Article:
Originally Published on NevadaNewsmakers.com, 10/23/2007 1:09:27 PM
At last, we spot the rare creature that’s evaded us since John McCain made a swing through Reno in the spring.
Here’s how long it’s been since Reno voters caught sight in public of a Republican presidential candidate. At the McCain town hall, the candidate was optimistically pitching the brand of immigration reform that shortly thereafter moved voters to flood the Capitol switchboard with angry calls. That was the last Reno saw of the GOP, unless you count Rudy Giuliani’s strange shopping trek through Costco. Or the virtually apolitical Olympic pep rally at Mount Rose Ski Resort, where Mitt Romney urged the Reno-Tahoe Winter Games coalition to work with all its might to become the host city in 2018.
Romney and Duncan Hunter both appeared last weekend in Sparks at the Conservative Leadership Conference. (Romney’s smooth town hall performance was still top-of-mind a week later when the equally smooth Barack Obama appeared at the Grand Sierra. Obama’s presentation led the Reasonable Reporter to yearn for a debate between just the two, for no other purpose than to savor the aesthetic and verbal symmetry of such an event. Romney and Obama are suitably matched: stylish, civil, and artful in their language.)
Romney got a polite reception at the Conservative Leadership Conference, but it was Duncan Hunter who brought the crowd to its feet. Hunter promoted a border fence, protectionist trade policies and touted his son’s multiple tours of duty in Iraq. Both men, it should be noted, lost the CLC straw poll to Ron Paul, who didn’t even show up.
For philosophical symmetry, one might stage a debate between Duncan Hunter and John Edwards. Each man rails in his own way against free trade, and in favor of reinvigorating U.S. manufacturing. The candidates’ narratives taken together offer a wider lens through which to ponder the relevant economic questions than does either one alone.
Fred Thompson, who caught fire at last in Sunday’s Florida debate, is scheduled for his first Nevada visits in November. The Reasonable Reporter awaits a closer look.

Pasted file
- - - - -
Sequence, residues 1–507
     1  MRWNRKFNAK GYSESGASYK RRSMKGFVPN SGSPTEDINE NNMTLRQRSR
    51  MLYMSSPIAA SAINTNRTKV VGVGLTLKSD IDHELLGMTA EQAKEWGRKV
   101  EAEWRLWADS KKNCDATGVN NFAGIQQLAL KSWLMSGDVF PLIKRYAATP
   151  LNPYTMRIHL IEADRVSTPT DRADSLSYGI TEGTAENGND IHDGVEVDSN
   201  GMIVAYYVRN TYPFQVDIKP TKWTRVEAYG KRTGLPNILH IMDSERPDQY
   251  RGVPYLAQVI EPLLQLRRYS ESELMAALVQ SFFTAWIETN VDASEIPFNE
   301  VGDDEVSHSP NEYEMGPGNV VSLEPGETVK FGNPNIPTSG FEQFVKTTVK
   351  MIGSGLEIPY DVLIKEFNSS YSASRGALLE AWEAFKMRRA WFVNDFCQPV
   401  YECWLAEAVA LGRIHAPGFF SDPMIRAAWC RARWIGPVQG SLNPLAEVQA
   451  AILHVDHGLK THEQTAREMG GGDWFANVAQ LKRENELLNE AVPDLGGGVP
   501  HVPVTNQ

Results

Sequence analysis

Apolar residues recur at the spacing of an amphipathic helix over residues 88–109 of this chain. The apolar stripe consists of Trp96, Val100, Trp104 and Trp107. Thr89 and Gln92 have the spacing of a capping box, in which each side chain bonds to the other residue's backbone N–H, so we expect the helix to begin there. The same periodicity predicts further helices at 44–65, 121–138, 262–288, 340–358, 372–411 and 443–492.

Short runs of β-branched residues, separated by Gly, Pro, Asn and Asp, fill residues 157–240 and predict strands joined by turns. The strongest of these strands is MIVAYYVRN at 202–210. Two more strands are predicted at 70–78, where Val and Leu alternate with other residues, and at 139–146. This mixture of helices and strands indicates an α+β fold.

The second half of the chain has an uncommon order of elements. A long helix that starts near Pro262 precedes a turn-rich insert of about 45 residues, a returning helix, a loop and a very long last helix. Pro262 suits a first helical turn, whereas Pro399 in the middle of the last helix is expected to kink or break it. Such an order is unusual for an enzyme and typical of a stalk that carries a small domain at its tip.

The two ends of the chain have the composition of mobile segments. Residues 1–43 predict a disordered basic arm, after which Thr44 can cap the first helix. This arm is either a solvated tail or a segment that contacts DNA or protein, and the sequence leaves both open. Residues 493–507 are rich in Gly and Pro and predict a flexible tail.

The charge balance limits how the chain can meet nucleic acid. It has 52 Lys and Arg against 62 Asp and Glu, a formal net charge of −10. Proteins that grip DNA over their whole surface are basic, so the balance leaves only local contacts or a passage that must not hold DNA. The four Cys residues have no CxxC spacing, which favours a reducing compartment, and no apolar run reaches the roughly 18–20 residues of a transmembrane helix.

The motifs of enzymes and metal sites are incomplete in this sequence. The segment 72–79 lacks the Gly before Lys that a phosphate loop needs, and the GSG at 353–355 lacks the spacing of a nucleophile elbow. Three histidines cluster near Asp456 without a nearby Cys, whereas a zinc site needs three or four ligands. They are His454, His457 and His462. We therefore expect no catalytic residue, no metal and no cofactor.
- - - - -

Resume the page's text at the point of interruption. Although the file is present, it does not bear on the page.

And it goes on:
Identity Politics: Dead or Alive?
Barack Obama declines to make more than a passing reference to his status as an African-American candidate for the White House. At the recent Reno town hall, he was asked whether said status causes him to feel additional pressure. In a masterful dodge of the race issue, the candidate:
1- Made a joke: if you don’t feel pressure running for the presidency, maybe you shouldn’t be the president.
2 – Shifted into more serious matters with a segue acknowledging the race question, sort of: the next president, black, white, brown, yellow, red, male, female – the next president will have a huge mess to clean up.
3 – Jumped right back into the meat and potatoes of his message: You know what pressure is? Somewhere in Iraq today, there’s a kid getting into a humvee… it’s hot, it’s dusty, he’s loaded down with heavy equipment. He lost a buddy yesterday and he might lose a buddy tomorrow. That’s pressure. Pressure is raising a family without enough money to pay for health care expenses. That’s pressure
4 – Wrapped it up with a bow: My job every day will be to think of ways to take the pressure off of you.
Uh. OK. What was the question again? In Obama’s world, Identity Politics is dead.
In Hillary Clinton’s world, identity politics is alive. Women have been the center of the Clinton bull’s eye from the beginning, but the effort intensified this week, with a focus on “Women Changing America.” The exclamation point on the full-court press for the female vote came from senior Clinton strategist Mark Penn, who predicted a quarter of Republican women will abandon the GOP for Hillary in 2008.
The unanswered question: Is identity politics dead or alive among Republican women, who would tend, one might think, to reject identity politics?
Penn also foresees young women voting in droves for Hillary, in a show of support for the symbolic progress represented by a woman in the White House. A view shared by the Reasonable Reporter, who, in a parallel line of reasoning has predicted same for months.